Last week I worked on some integration tests in Selenium. Today I’m redoing the same test in WatiN to get a feel for both tools.
var js = "tinyMCE.get('tinyTextAreaId').setContent('some html');";
var s = Document.Eval(js);
This would work just as good with Selenium and it has one advantage over setting the text areas. It executes the eventual cleanup rules in TinyMCE before it sets the text.
I want to have our Selenium tests to run automatically the same way as our other NUnit tests does. This means that I want to have the Selenium Server started automatically before running the test cases.
I started by downloading the Selenium RC and unzipped it to C:SeleniumSelenium-RC
I created a .NET project where I referenced the ThoughtWorks DLLs in C:SeleniumSelenium-RCselenium-dotnet-client-driver-1.0.1
Before I started pairing I often felt that there was a gap between business and development -departments. Communication was mostly done via bug trackers or specifications. Issues were ofter dealt with via e-mail and misconceptions were common.
Since I started pairing I feel a greater (not perfect but better!) contact to the business and I think it’s because I’m used to take discussions. Both about coding details, but also and more important about usefulness of requirements. If we are stuck on an issue we walk over to business and solve the issue instead of making it an e-mail-reply-cc-all-thing.
If I’m working on an issue with a person I don’t know I start out by shaking hands and talking to the person about what he or she does in the company and how they interact with the tools. I tell them what resources we have for the issue and we discuss a possible solution together. Just common sense.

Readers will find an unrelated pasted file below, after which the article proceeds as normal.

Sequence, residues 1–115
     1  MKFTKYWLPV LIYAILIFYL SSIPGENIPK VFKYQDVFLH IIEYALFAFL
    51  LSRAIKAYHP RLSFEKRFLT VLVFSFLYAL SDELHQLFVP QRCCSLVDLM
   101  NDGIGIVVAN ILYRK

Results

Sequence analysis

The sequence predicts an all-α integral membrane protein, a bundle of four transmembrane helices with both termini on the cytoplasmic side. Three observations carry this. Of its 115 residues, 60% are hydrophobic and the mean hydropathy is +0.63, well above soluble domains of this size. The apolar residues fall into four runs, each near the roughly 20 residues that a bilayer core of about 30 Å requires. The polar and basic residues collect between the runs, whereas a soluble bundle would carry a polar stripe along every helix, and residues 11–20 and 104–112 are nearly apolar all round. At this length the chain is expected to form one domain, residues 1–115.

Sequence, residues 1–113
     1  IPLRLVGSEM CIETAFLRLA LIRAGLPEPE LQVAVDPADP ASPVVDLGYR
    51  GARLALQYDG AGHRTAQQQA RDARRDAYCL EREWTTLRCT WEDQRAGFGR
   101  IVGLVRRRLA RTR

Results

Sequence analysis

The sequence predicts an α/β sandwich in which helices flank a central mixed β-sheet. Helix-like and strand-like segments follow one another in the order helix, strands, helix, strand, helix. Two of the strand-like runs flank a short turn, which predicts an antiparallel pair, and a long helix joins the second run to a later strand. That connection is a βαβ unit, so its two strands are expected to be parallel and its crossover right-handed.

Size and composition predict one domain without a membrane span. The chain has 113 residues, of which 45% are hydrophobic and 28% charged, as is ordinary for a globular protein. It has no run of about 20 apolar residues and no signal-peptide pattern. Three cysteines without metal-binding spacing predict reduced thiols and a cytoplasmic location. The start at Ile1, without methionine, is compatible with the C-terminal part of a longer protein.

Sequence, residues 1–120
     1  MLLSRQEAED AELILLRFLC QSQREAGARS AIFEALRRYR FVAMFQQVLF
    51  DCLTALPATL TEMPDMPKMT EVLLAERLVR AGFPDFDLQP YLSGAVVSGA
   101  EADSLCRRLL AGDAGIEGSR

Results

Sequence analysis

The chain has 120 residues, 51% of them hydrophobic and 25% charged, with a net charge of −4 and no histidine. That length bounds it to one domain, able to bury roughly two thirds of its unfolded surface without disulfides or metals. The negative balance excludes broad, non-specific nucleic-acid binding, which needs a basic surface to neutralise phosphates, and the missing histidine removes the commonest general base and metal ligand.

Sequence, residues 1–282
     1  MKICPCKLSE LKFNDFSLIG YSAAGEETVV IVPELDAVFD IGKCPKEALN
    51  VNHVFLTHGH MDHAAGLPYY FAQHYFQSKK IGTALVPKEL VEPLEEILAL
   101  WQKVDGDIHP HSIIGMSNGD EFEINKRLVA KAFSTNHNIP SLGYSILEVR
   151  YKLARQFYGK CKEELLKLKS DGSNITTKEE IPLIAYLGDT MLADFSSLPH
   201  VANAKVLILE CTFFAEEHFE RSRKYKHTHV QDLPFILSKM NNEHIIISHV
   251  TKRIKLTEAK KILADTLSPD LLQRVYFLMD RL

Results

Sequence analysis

It feels like software development is a too social activity to be done alone! At least for me!
Listen to Deep Fried Bytes – Episode 35, Chariot Tech Cast – Episode 39 and Hanselminutes – Episode 171 for more info about pair programming and other goodness about the software craftsmanship!
I’ve read up on some pair programming research. Here is the different papers I’ve read. With a short description for each.
Strengthening the Case for Pair-Programming
They compare results from professional developers working with and without pair programming and teams at the university doing both pair programming and non pair programming. In all cases pair programming deliver better results.
Authors: Laurie Williams at North Carolina State University, Robert R. Kessler at University of Utah, Ward Cunningham at Cunningham & Cunningham, Inc & Ron Jeffries
Promiscuous Pairing and Beginner’s Mind: Embrace Inexperience
The optimal time between switching partner is 90 minutes and inexperienced developers solve problems both faster and better that people with previous knowledge about the problem. Beginners luck or just that you are more open without a baggage of experience?
A new developer was totally integrated to the team within 3 weeks of work. When not pairing they noticed a huge impact on productive. In 18 months the longest time it took to find and fix a bug was 6 hours. They also found out that a team is most productive when they own, manage and assign all tasks themselves.
Adventures in Promiscuous Pairing: Seeking Beginner’s Mind
They verified the performance boost described in Promiscuous Pairing and Beginner’s Mind: Embrace Inexperience, which means short times (~90 min) between changing pairing partner. They verified the results but it also broke the team.
But I couldn’t find any similar for NUnit. Instead I changed how SharpDevelop launches it’s tests. Click; Tools / Options / Tools / Unit Tests and deselect Run tests on separate thread. Run the tests again.
And I got the following error:
System.InvalidOperationException : Process has exited, so the requested information is not available.
I tried to disable Protected Mode in Internet Explorer and the tests ran fine.